[That’s the Way I Like It]
It’s refreshing to return to the Auckland University Clock Tower space for Summer Shakespeare this year. Despite the excitement of the Pop-Up Globe, there was always a level of intimacy sacrificed in the massive space. There some productions were often at the mercy of the venue, servicing the stage rather than the script. Here the cast of As You Like It feel completely at home.
Set against a backdrop that moves from entrapment to freedom, As You Like It is one of Shakespeare’s most unabashedly romantic plays. Admittedly, it’s not known for its sophisticated storytelling, especially compared to the inevitable tragedy of Romeo and Juliet, the mistaken identity convolutedness of Twelfth Night, and the magical love triangles of A Midsummer Night’s Dream. No, it’s paper thin plot of youths running away from home and taking refuge in the a forest to escape the bad blood between feuding families is the stuff of pure plot devices. But it works.
What the play lacks in narrative intrigue is more than made up by its exuberant language, containing many of Shakespeare’s most eloquent images and his wittiest banter. The simplicity of the story also places a greater emphasis on other aspects of the play, namely the characters and, most importantly, the setting.
The Forest of Arden is one of Shakespeare’s greatest creations, a place that embodies liberty, a direct contrast to the oppressive and rigid court society. Here, the backdrop of the forest is less traditionally pastoral and more music festival, an appropriate analogue for contemporary audiences that not only works well comedically, but rings dramaturgically true too. While some of the musical segments and transitions can feel overlong, it’s a minor issue in such a simple but effective revamp of Shakespeare’s most optimistic setting.
Though the play doesn’t truly come to life until we leave for the Forest of Arden, it’s also appropriate, trading the practically funereal aesthetic for a more vibrant and colourful one. Director Benjamin Henson doesn’t treat the opening scenes as being purely expositional though. Everything is executed with the right amount of specificity and creativity, bringing the script to life, not just going through the motions. This includes the scrappy brotherly fights that quickly devolve into the juvenalia they really are, with Arlo Green playing Oliver de Bois with the right amount of fratricidal fury. The wrestling match is also a particular highlight, brought to vivid life with superb choreography.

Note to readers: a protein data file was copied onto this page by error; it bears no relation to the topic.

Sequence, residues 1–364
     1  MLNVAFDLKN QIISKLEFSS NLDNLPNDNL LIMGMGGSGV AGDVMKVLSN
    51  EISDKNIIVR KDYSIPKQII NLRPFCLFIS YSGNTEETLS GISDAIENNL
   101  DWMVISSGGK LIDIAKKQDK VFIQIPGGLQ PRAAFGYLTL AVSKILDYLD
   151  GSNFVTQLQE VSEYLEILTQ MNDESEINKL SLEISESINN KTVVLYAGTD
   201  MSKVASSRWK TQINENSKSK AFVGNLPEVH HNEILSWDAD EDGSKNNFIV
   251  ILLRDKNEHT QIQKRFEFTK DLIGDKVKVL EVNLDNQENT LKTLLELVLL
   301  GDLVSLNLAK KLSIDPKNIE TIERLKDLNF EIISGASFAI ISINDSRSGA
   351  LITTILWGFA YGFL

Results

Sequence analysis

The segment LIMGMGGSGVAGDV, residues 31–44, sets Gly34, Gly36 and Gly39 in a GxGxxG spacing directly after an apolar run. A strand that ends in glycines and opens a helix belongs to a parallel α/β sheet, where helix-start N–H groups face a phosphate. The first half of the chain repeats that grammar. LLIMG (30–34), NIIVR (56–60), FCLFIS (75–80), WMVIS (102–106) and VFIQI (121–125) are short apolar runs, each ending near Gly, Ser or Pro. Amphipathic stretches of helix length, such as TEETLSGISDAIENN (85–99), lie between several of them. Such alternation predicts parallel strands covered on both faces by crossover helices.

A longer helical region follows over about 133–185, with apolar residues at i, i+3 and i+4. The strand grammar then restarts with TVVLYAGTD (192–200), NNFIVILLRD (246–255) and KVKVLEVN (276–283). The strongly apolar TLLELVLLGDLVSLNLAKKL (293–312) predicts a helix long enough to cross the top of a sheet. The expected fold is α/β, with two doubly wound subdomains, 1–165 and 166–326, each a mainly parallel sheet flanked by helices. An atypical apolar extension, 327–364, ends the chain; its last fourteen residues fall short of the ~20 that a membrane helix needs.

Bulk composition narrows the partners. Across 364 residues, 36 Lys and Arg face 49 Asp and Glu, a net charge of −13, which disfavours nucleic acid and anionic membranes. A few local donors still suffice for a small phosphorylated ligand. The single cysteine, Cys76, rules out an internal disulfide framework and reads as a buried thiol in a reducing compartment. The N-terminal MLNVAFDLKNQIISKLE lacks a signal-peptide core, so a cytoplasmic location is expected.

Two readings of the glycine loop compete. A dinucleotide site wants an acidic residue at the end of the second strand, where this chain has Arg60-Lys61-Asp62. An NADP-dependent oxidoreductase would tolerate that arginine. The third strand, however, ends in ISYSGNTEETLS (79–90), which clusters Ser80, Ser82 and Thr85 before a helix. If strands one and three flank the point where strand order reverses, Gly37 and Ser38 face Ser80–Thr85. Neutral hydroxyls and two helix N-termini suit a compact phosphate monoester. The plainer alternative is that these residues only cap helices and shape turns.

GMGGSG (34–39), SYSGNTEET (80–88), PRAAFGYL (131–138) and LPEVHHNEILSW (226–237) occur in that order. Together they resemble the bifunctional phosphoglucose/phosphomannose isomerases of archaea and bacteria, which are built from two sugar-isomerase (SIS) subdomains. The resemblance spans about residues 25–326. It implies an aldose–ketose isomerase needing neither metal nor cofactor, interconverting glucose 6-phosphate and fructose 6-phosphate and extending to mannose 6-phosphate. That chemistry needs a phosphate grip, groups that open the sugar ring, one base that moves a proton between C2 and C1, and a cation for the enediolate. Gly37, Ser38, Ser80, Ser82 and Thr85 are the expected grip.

The acting styles on display tend to fall into two groups: high camp versus modern interpretation. Most of the older representatives of the court operate on the former, while the youths that inhabit the Forest of Arden are more of the latter. Rather than clashing, it highlights the stark contrast between the two worlds.
When spunky Rosalind meets soulful Orlando, we need to see her fall in love at first sight. Francesca Savige’s interpretation of Shakespeare’s major heroine and Aaron Richardson’s ability to capture the doe-eyed boyishness lend the romance credibility. Their mutual but overwhelming affection towards each other becoming the axis the play revolves around.
It’s also nice to see the homoerotic aspect of Orlando’s attraction towards Rosalind’s male alter ego, Ganymede, isn’t played for laughs. That’s not to say it’s not funny, especially as Rosalind plays Ganymede playing Rosalind, but it’s funny for the reason all love is crazy, stupid, funny. If the measure of any As You Like It’s success is based on the seduction scenes between our two central lovers, then Henson’s is particularly exceptional.
Kate McGill’s genderswapped Jaques is also one of the highlights of the show, playing against the obviousness of the character’s melancholy disposition. Though the overly French caricature results in making her feel like a lost cast member of last year’s Don Juan, it never feels hokey. The result is a sarcastic snarker hiding a far softer side deep down. Her performance of ‘All the World’s a Stage’ is also a interpretation that definitely doesn’t disappoint.
Other notable performances include Jessie Lawrence’s Celia, who makes an effective sister-figure, their friendship as charming as any of the romantic love stories running through the course of the play, and Murdoch Keane’s Touchstone, a stellar example of a Shakespearean Fool. But Henson manages to make good use of the various subplots and side characters, making sure that none of the ensemble ever feels wasted.
Not as inventive as Henson’s own metatheatrical interpretation of Titus, As You Like It is a more faithful take on the play, though not without its modern quirks and touches, capturing both the spirit of The Bard and the times we live in. A highly accessible rendition of the play that never sacrifices textual clarity.
But the evocation of the Forest of Arden as a place where goodness, joy and individuality run rampant is the reason to see the show. Where people come together to express themselves freely. It might be the stuff of fairytales, but a welcome one.
As You Like It plays at the University of Auckland Clocktower lawn until 11 March. Details see Summer Shakespeare.
SEE ALSO: Theatreview.org.nz review by Leigh Sykes